Pecans, fruit of a large hickory tree native to North America, are particularly popular in the South. Though the nuts are most often associated with the traditional pecan pie, they can be used in a wide variety of recipes, from cookies and candies to main and side dishes.
The pecan was an important part of the diet of Native Americans before the arrival of the European settlers. The first successful grafts of the pecan tree were done in 1846 by a Louisiana plantation gardener, a slave named Antoine. The cultivation of the pecan tree increased, and the technique of sowing proved to be the most effective. Today the tree is most widely cultivated in the states of New Mexico, Louisiana, Mississippi, Georgia, Florida, and Texas, where the pecan tree is the official state tree.
Buying & Storing
Pecans are available in many forms; you'll find them vacuum-packed in jars, sealed in plastic bags, or packed in cans. For the freshest and most flavorful pecans, choose whole ones in the shell. When choosing whole unshelled pecans, look for nuts that are heavy for their size and don't rattle when shaken. There shouldn't be any cracks or holes in the shells.
Shelled pecans absorb odors and turn rancid quickly. Store them in the refrigerator in a sealed container. Unshelled pecans may be stored for about 3 months at room temperature.
Perfect Pecan Pie
Recipes for pecan pie are equally divided between those which call for chopped pecans and those which call for whole pecans. Whole pecans make the pie look incredibly inviting but cutting neat wedges is a challenge. One solution is to freeze the baked pie, cut it into wedges with a serrated knife and allow it to warm to serving temperature.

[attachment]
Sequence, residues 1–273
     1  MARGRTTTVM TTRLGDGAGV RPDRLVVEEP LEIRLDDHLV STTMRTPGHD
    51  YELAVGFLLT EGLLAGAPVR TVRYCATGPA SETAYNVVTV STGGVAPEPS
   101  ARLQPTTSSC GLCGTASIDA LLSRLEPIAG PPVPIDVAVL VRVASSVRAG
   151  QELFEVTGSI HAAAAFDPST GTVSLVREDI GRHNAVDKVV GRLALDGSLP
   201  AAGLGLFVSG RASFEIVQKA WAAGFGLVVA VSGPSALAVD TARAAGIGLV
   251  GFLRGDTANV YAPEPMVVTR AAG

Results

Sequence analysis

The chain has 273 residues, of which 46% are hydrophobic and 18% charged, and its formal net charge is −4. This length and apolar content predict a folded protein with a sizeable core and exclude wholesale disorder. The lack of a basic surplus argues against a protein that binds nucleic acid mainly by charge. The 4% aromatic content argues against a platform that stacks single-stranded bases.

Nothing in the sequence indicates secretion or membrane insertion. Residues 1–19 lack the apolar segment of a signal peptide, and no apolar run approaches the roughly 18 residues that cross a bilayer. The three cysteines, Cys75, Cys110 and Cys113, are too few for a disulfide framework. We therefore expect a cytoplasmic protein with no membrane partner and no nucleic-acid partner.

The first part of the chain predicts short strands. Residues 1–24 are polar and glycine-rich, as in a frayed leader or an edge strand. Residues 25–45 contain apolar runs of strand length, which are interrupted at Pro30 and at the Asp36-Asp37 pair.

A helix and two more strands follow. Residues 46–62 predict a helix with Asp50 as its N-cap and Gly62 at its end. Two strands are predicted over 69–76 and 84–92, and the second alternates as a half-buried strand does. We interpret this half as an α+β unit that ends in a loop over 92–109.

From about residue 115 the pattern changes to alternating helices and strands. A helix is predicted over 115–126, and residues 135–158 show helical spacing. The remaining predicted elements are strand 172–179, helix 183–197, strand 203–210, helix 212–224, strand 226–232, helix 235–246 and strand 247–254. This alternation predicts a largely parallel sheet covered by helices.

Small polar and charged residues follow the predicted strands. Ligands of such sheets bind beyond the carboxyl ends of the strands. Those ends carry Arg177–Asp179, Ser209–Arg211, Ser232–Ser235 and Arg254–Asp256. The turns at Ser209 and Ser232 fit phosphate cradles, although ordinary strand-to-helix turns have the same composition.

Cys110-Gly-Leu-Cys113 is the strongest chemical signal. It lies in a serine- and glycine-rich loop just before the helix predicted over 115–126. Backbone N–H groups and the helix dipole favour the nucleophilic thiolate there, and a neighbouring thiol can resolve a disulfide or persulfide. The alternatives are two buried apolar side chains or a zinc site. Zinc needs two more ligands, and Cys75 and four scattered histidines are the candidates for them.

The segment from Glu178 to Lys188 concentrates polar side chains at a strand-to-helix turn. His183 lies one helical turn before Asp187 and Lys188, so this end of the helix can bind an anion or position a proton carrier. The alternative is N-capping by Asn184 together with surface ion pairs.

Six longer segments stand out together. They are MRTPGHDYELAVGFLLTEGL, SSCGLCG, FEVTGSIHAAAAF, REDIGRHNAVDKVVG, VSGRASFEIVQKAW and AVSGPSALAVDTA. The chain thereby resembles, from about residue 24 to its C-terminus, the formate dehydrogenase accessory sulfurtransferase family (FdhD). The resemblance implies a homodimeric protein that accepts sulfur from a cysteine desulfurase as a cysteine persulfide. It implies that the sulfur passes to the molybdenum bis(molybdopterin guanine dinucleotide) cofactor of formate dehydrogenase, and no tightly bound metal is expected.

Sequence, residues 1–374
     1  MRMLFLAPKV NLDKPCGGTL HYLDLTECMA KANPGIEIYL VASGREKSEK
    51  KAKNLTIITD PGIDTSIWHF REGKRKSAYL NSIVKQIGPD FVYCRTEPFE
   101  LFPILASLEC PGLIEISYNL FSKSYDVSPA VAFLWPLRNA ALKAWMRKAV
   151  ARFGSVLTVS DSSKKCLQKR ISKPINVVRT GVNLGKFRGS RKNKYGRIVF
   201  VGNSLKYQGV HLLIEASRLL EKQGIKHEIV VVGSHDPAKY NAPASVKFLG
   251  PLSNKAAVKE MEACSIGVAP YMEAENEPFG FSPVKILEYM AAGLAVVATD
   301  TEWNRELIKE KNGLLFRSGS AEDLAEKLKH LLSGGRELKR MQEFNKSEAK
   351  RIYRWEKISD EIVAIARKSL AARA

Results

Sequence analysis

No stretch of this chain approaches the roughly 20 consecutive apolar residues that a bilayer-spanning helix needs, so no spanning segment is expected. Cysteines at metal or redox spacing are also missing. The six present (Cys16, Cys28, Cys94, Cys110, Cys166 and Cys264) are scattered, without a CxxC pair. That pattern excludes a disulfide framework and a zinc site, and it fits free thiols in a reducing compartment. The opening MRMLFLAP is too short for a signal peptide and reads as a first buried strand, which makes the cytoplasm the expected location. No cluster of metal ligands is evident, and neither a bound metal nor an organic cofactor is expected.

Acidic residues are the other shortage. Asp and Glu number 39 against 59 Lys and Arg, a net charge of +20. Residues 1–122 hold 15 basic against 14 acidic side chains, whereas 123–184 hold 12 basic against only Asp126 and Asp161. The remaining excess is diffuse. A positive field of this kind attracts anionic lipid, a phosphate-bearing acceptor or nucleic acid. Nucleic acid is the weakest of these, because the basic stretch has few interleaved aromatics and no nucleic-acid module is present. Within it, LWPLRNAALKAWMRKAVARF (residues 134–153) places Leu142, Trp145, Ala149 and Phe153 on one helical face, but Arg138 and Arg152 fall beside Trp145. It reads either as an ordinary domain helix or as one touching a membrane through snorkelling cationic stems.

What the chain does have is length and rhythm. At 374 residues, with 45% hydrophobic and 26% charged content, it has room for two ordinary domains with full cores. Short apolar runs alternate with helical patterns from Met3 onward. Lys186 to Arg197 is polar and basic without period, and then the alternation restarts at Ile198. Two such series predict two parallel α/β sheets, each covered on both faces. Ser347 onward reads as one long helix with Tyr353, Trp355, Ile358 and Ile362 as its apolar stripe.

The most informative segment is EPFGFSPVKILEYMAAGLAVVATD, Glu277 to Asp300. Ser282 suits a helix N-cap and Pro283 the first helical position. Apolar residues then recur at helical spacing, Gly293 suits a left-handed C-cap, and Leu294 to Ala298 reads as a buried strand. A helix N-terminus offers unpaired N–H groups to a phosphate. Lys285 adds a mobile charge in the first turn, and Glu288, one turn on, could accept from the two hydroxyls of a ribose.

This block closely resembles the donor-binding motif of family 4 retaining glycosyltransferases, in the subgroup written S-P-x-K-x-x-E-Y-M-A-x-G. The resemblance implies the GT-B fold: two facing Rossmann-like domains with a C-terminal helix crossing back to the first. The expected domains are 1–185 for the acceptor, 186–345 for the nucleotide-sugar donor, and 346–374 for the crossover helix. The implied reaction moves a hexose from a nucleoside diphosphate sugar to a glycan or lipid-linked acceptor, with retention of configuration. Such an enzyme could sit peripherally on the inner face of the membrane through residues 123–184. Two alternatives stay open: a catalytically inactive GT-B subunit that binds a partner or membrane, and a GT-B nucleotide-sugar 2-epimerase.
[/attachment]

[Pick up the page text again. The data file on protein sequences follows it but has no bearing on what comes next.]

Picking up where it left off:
Really good pecan pie is rare. Often, the nuts are small and indifferent, the filling is too sweet or too skimpy. How do you make a better pecan pie? Go back to the roots: pure cane syrup, and fresh pecans. Someone once said that good baking is 'a series of little things done right.'
Pure cane syrup is the sweetener of choice for real pecan pie. This southern treat is magic.
Pecans are most popular in desserts such as pies, cookies, and candies, but also make an interesting addition to salads, stuffings, and other savory main or side dishes. They are also delicious whole, toasted and spiced, or covered with chocolate.
Pecans are a good source of potassium, thiamine, zinc, copper, magnesium, phosphorous, niacin, folic acid, iron, and vitamin B6, and also a good source of fiber. The fats are composed of 87% unsaturated fatty acids (62% monounsaturated and 25% polyunsaturated)
water 4.8 % 4% protein 3.9 g 3.5g fat 33.8g 35.6g fiber 3.3 g 3.6g per 50 grams
Only Sissies Skip Pecan Pie
The information given herein is for educational purposes only. References to commercial products or trade names is made with the understanding that no discrimination is intended and no endorsement by the Cooperative Extension is implied.